Wilton Gregory (L), President of the U.S. Conference of Catholic Bishops, addresses the closing session of the three day conference while Harry Flynn, Archbishop of Minneapolis, looks on at St. Louis Union Station in St. Louis June 21, 2003, in St. Louis, Missouri. Flynn delivered a report on sexual abuse to the conference. (Photo by Bill Greenblatt/Getty Images)

The archbishop of Atlanta has been keeping a low profile of late ahead of his scheduled move from his plush $2.2 million mansion in early May.

Archbishop Wilton Gregory, who is African-American, was thrust in the spotlight this month amid criticism over moving into the lavish property in Atlanta’s upscale Buckhead district.

The 66-year-old Catholic leader was slammed for living too opulent a lifestyle that is out-of-step with the example set by the notoriously frugal Pope Francis.

He subsequently apologized for a lapse in judgment and pledged to move out of his swanky new Tutor-style estate, which was constructed with money left by a wealthy parishioner who died in 2011.

The flurry of media attention surrounding Gregory is extreme, but it epitomizes the uneasy marriage between pastoral compensation and tithes, gifts and offerings flowing into the church.

Morris Tipton of the National Baptist Convention said churches across all denominations put in a system of checks and balances (often in the form of a board of trustees) that should foster an atmosphere of financial integrity.

“Most churches set their own guidelines and standards on how they are going to deal with compensating their pastor,” he said.

Still, he admits, like any other field, there are unscrupulous people who lack integrity, living lavishly and mismanaging money.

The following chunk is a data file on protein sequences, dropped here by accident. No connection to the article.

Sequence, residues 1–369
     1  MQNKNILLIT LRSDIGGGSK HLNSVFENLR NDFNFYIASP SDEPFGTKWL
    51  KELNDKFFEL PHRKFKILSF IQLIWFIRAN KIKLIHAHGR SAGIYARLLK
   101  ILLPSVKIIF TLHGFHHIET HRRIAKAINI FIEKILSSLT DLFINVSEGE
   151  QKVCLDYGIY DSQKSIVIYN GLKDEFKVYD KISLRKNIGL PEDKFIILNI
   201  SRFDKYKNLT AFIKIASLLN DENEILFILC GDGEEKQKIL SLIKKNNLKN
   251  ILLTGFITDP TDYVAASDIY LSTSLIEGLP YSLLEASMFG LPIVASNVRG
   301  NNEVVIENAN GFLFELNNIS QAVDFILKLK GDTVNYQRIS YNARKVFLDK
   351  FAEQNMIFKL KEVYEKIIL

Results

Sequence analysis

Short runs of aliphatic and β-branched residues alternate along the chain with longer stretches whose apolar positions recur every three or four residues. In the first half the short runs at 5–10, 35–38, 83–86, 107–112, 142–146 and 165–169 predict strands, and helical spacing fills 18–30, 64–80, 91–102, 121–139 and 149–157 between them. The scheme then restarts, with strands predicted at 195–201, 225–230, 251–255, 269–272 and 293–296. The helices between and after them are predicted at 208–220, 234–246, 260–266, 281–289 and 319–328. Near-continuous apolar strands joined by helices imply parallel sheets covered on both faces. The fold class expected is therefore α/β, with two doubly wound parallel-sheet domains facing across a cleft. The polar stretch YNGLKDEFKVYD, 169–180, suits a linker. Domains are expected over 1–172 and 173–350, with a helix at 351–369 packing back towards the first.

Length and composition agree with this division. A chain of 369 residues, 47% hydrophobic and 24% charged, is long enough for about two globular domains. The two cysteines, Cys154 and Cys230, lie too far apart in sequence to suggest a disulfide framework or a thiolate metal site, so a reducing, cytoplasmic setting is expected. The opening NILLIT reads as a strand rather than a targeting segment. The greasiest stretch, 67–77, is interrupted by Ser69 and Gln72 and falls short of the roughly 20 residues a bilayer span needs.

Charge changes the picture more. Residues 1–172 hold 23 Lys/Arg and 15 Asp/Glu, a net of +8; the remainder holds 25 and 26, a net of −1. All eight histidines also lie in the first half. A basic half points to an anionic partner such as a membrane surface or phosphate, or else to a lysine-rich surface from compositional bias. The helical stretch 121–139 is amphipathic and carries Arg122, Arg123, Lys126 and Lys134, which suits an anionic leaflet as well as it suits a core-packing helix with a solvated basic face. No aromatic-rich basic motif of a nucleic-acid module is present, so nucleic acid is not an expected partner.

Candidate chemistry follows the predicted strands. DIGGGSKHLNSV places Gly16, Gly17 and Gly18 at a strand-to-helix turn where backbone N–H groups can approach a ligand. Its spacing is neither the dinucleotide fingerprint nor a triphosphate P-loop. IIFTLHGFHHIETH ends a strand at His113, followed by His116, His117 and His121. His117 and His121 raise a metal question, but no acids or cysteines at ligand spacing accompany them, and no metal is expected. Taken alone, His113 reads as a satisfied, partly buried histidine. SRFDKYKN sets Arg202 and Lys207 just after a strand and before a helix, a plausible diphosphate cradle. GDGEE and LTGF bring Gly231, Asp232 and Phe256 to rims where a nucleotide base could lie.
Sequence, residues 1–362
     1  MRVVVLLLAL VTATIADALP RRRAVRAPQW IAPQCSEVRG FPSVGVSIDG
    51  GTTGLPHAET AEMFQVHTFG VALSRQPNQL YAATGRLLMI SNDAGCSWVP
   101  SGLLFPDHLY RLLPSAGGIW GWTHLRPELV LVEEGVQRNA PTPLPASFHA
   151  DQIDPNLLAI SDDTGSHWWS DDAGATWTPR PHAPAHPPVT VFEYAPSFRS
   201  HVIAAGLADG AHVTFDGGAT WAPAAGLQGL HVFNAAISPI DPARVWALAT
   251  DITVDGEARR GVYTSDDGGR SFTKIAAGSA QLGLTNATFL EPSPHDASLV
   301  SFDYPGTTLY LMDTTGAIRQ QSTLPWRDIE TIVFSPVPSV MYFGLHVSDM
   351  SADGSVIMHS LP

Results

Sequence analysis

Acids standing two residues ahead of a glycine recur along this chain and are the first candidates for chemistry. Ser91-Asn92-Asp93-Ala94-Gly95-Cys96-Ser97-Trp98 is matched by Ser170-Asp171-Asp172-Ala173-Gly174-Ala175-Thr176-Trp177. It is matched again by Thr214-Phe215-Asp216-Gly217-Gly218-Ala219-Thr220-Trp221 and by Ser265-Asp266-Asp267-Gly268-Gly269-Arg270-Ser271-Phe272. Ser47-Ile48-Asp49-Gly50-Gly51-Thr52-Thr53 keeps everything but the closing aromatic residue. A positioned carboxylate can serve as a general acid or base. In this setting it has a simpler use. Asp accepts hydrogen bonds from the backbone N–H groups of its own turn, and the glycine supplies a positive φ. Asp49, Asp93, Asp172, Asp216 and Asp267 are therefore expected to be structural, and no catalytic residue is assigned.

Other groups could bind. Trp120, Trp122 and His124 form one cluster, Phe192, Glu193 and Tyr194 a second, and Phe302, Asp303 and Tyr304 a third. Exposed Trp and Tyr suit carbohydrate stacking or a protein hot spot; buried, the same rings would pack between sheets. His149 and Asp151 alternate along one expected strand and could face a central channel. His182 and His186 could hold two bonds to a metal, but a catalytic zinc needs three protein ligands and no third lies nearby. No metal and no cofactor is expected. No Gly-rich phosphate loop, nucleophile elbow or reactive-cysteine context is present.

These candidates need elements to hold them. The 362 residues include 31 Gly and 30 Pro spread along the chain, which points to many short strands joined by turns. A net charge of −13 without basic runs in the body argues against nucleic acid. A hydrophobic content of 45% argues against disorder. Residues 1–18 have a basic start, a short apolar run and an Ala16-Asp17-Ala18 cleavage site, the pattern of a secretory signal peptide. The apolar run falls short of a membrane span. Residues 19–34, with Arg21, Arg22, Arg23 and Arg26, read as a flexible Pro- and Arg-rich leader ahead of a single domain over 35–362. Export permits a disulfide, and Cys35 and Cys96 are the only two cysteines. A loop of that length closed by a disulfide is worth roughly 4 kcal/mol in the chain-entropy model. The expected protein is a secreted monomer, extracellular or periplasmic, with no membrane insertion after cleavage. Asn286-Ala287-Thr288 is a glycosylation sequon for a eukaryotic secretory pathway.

“The problem comes in when a pastor seeks to live a lavish lifestyle off the congregation.”

“Tithes and offerings should be a storehouse for those that have fallen through the cracks,” said Rev. Samuel Mosteller, president of the SCLC Georgia Chapter. “The problem is in some churches pastors have stopped being pastors and turned themselves into CEOs.”

Tipton does not have a problem with successful preachers, typically from high-profile megachurches, making extra cash from book sales, real estate or business ventures.

Still, Mosteller said those who are not familiar with the inner workings of ministry can never fully understand the relentless workload and personal cost that comes with being a full-time minister.

“It’s almost 24 hours a day,” he said. “You have to engage in giving advice, counseling, visiting the sick and familial crisis.”

Tipton said historically, especially in the black church, senior pastors did not always receive the remuneration they deserved. Over the yeas, this has led men of the cloth to become more vocal about getting a fair salary.

“Not first and foremost, but just making sure that their and their families needs are met also,” he said. “I don’t know if there’s anything wrong with that.”

Rev. Kenneth Adkins is unique because, despite overseeing a 400-strong church, he said he has never collected a salary. He believes, at this point in time, the monies collected at Greater Dimensions Christian Fellowship in Brunswick, Georgia, are better served helping the community.

“I believe pastors should get paid, but I choose not to get a salary because it’s important for me to use much of the resources to help other people,” said Adkins, who founded his church in 2010. He adds that he makes his money through his business.

Adkins is a minority, but his choice does reflect the heart of the majority of spiritual leaders that are passionate about spreading the gospel and transforming lives. Yet, a few indulgent pastors who live lavish lifestyles get most of the attention.

Still, even in this day and age, in some churches the parameters are way too fluid, opening up the possibility of financial mismanagement.

Follow Kunbi Tinuoye on Twitter at @Kunbiti